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May 9, 2019

Kaira Rouda: My Mother Read to Me, But She Did So Much More

Posted by tom

Kaira Rouda follows up the success of her 2017 thriller, BEST DAY EVER, with THE FAVORITE DAUGHTER, another gripping novel of psychological suspense set in an upscale Southern California community, which releases on May 21st. Kaira’s mother was a preschool teacher who “knew the power of creative play and learning.” She encouraged young Kaira to engage in all kinds of fun (and sometimes messy) activities, like finger-painting, building block towers and getting her hands in Play-Doh, but she also made sure to read to her at night. Kaira believes that this early exposure to arts and crafts, along with constant access to age-appropriate books, power her imagination to this day --- and she has proudly passed that creativity on to her four children, all of whom are successful and gifted twentysomethings.


I believe creativity is a gift. Mine is a gift from my mom.

Yes, most of us arrive on the planet with a curiosity and an eagerness to get messy and to play. Some of us are lucky to have this natural creativity nurtured from an early age. My mom, a former preschool teacher, knew the power of creative play and learning. As a youngster, I finger-painted, built block towers and so much more. Some of my favorite early memories involve being covered in some sort of mess --- paint, sand, Play-Doh, water --- and loving it. At night, before bed, there was always a story. I believe those arts and crafts combined with the bedtime stories --- and access to age-appropriate books at all times as I grew up --- power my imagination to this day. Give kids craft supplies and a library bursting with good books, and you have the recipe for a creative kid.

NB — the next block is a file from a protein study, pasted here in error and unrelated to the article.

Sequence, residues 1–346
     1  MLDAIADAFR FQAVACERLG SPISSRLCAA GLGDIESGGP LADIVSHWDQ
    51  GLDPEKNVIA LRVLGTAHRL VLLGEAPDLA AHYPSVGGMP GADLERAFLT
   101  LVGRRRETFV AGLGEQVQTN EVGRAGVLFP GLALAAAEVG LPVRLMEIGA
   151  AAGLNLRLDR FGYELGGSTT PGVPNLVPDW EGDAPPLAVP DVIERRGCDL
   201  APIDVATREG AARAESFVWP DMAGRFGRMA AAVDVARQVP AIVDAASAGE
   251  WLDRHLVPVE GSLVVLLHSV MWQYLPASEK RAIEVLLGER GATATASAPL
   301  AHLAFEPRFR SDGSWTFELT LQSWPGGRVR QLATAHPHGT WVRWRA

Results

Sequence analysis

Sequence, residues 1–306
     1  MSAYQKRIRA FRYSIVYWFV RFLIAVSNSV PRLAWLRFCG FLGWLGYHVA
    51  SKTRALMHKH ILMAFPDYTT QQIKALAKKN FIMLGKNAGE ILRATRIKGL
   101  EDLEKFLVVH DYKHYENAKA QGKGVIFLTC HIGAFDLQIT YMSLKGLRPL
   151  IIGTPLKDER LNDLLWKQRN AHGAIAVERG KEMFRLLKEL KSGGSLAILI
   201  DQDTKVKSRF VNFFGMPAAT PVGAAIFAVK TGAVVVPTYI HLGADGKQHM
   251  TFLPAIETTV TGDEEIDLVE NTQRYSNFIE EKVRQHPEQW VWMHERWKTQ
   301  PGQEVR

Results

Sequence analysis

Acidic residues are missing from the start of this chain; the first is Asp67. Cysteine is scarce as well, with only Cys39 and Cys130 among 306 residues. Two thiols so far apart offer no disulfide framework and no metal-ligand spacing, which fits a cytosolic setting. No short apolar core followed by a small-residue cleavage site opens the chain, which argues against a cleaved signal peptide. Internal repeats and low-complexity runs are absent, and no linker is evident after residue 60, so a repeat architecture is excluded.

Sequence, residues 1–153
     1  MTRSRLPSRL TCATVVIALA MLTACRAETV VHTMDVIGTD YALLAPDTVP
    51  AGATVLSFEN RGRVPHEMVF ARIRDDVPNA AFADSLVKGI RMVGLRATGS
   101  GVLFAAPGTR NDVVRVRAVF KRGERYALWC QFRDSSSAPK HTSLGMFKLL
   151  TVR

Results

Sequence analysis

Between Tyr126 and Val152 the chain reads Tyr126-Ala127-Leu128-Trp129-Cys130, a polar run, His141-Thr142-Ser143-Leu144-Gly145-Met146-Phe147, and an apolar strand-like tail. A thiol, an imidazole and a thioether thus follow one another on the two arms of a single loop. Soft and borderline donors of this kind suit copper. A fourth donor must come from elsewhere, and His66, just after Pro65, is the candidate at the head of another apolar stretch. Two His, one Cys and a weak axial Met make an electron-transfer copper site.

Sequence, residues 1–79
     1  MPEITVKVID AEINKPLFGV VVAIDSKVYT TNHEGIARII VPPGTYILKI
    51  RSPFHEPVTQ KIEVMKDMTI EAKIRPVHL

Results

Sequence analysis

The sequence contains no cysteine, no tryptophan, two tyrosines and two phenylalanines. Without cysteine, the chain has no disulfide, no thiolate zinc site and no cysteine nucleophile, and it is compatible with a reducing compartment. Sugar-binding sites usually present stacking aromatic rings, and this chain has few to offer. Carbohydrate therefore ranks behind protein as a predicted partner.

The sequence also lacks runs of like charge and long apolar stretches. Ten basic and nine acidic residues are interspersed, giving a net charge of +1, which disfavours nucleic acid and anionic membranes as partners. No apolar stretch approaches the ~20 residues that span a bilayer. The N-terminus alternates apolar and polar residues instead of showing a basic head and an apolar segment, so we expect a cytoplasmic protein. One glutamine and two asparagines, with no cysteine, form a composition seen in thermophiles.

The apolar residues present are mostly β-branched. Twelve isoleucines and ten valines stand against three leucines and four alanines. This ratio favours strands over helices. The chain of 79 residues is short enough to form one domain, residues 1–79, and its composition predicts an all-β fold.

I modeled that behavior for my children. My four kids were raised in a messy, crafty household. Every vacation I’d pack a box of supplies for them to create on the go, whether in the backseat of our van or on an airplane. (I know this was before the ever-present screens of today, but give it a try if you can.) They would anxiously await the chance to open each trip’s box and discover the craft supplies inside. One of my favorite things to tuck inside was an empty notepad, a blank slate for words and images. Even for a relatively short drive to our lake house --- the setting for BEST DAY EVER, by the way --- the kids would craft in the car. Time flies when you’re creating.

This was just the beginning of a story they continue to tell to this day.

Today, my four kids are in their 20s. My daughter is a screenwriter, my youngest son is a singer/songwriter. My other two sons both work in commercial real estate, and they create on the side. My oldest son is a gifted photographer and visual designer, and my middle son wrote and published a book in high school and has launched several startups in the online world. I like to think that my kids’ art-filled childhood contributed to their grown-up lives. I know mine did.

Creativity is intelligence having fun, and creativity in the form of visual arts and literature go hand in hand. I still hear my mom’s voice reading “Wynken, Blynken and Nod” to me as I fell asleep as a child. And I remember the sunshine on my shoulders as I stood at my wooden easel and created my masterpiece as a three-year-old. I owe these warm memories, my appreciation for the beauty around us and my life as a creative person all to my mom.


Kaira also has written "A Mother's Day: A Short Story" that you can access for free here. Mary's son is an autistic teen. Julie's son is a precocious 10-year-old. Lynne's son is six months old. None of the moms realize it, but on this one day, one tragic act will connect them, reawakening each woman to her own special gifts, while strengthening her love for her own son.